You are here : › Making a 2018 Drupal Site GDPR Compliant
Jun 28, 2018

Making a 2018 Drupal Site GDPR Compliant

What is GDPR? It is the regulation that is expected to set a higher standard for consumer data protection. It requires businesses to protect the privacy of EU citizens by protecting their data from transactions that are made within EU member states. Companies are now required to put their processes and systems in place to comply.

Being non-compliant can cost companies a lot. Here are the basics of GDPR compliance and what you should know if you’re doing business in Europe.

Requirements, Facts, and Deadlines

GDPR and Drupal website

The GDPR affects every company that processes or stores personal information about EU citizens within EU states. Companies are required to comply with criteria such as a presence in an EU country; no presence although it processes European residents’ data; more than 250 employees and processes data on a regular level.

GDPR protects private data, such as basic identity information (name, address, and ID numbers), biometric data, health and genetic data, web data (cookie data, IP address, RFID tags, and location), sexual orientation, political opinions, and ethnic or racial data.


Companies need to comply with GDPR by a May 25, 2018 deadline. According to this Solix survey from December, 22% of companies were unaware that they must abide by GDPR. The fines for non-compliance can go up to 4% of global annual turnover (as much as $6 billion in penalties and fines). If you are not compliant by the deadline, you won’t be alone.


There are several roles defined by the GDPR that are responsible for ensuring compliance: data protection officer, data processor, and data controller.

Preparing for the GDPR

Start a special task force that includes an in-house group that collects sensitive information, such as sales, finance, marketing, and operations. Involve all stakeholders and set a sense of urgency coming from the top management.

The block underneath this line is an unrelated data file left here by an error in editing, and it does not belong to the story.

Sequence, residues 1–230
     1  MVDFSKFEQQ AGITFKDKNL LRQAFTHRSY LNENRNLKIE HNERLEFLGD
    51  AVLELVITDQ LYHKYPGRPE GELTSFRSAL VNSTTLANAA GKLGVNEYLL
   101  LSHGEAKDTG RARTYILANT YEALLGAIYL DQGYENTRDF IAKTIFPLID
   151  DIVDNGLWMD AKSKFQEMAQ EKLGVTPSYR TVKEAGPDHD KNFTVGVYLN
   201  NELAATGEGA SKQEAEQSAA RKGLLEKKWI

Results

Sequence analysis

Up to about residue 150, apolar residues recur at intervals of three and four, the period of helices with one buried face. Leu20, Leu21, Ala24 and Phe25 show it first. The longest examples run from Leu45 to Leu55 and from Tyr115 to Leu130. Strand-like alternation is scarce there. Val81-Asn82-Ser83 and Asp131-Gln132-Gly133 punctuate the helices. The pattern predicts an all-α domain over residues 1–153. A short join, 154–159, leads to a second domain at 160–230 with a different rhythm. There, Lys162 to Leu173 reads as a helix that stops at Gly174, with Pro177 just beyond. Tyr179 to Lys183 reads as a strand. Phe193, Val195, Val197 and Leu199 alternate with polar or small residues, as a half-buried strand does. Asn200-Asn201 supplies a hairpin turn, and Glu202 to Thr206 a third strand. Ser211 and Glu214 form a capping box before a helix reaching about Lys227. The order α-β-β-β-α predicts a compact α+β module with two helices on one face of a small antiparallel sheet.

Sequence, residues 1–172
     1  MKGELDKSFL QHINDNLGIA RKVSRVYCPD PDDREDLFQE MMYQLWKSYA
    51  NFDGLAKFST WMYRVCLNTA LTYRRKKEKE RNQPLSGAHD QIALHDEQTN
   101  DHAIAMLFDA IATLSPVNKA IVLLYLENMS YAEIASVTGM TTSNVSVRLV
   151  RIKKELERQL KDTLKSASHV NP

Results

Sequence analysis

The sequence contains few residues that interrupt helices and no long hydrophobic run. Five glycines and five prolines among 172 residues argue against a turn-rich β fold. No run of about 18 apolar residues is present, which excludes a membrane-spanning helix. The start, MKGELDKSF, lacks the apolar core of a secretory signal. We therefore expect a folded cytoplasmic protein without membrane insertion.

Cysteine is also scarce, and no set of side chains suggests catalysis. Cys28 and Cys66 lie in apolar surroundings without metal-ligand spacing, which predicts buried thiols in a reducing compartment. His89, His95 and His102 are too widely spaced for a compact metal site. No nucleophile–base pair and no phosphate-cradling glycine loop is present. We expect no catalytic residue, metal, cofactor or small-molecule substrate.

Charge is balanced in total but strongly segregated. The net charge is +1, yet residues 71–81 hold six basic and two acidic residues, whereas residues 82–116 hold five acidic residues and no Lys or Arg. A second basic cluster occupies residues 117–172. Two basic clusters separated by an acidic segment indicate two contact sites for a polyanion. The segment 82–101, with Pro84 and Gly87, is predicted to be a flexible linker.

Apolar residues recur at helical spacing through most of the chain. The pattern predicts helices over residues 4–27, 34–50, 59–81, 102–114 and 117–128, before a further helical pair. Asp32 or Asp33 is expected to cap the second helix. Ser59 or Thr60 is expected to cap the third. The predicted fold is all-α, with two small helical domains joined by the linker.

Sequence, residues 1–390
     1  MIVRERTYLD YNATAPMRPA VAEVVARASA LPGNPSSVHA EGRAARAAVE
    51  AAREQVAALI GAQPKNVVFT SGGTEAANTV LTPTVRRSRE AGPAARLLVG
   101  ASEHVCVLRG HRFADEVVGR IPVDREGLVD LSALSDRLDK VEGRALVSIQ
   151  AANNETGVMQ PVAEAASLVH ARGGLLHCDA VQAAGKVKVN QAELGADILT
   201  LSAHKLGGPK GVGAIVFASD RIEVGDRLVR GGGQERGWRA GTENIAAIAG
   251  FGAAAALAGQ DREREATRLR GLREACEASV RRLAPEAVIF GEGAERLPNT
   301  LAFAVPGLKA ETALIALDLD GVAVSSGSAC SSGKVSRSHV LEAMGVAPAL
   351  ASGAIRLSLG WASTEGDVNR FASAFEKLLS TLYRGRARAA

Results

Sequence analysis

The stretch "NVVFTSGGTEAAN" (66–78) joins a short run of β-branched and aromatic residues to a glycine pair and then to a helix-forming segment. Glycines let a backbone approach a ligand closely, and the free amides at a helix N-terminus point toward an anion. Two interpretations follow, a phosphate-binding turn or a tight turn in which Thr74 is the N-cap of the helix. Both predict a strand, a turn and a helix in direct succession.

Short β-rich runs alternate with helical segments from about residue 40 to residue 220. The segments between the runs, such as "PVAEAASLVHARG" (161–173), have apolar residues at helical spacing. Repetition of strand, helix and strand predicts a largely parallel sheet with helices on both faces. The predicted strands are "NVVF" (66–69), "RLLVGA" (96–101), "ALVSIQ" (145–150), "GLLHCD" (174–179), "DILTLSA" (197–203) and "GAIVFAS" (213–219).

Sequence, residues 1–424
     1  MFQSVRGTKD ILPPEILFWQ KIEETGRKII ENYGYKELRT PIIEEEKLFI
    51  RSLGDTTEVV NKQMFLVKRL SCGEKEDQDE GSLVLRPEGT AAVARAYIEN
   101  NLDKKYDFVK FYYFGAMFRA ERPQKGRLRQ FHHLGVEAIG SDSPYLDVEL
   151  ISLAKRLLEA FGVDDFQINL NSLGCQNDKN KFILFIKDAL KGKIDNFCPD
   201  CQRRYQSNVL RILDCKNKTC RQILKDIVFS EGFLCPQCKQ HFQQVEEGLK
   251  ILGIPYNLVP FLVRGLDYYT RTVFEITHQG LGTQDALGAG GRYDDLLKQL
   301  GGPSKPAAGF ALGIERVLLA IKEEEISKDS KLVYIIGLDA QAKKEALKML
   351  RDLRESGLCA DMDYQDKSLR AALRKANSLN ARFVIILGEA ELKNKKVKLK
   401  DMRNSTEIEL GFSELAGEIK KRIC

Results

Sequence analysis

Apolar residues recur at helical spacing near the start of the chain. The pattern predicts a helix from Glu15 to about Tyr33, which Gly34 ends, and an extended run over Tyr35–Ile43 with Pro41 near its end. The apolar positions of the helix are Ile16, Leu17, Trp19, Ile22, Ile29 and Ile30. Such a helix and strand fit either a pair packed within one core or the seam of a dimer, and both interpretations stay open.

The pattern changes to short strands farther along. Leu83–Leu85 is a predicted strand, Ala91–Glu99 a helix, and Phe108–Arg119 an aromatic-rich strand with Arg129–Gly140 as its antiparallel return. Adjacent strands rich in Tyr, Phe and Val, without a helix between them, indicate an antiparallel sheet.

Making a Drupal Site GDPR Compliant

Any information related to identifying a person (such as name, address, IP address, email address, social security number, etc.) is considered to be personal data. Any form for data collection that deals with any commerce are affected.


First, inform the users that their data will be stored and disclose your storage practice in your privacy policy. They must know that the form on your Drupal site collects their personal information. Keep their data accessible and organized and give them an option to erase it or stop further collection.

Also, your Drupal site needs a form of consent withdrawal and a way to allow users to contact you easily. Communicate privacy information by explaining how you process the data after the GDPR implementation, and that they have a right to complain about the companies’ data-handling ways.

If your Drupal site experiences any data breach, it must be communicated to all users within 72 hours of becoming aware of it. You need to be compliant with Google Analytics, if you’re using it and follow some guidelines, such as:

  • Turn on IP anonymization
  • Audit data for PII (personally identifiable information)
  • Audit collection of pseudonymous identifiers
  • Building an opt-in/out capability
  • Updating contract, privacy policy on the website

While developing a Drupal website, Drupalgeeks can ensure that your website is integrated for auditing modules for security, performance, or a general review. It is the security audit on your Drupal site that reveals how you process and store the data. Contact us to help you with your Drupal website GDPR compliance.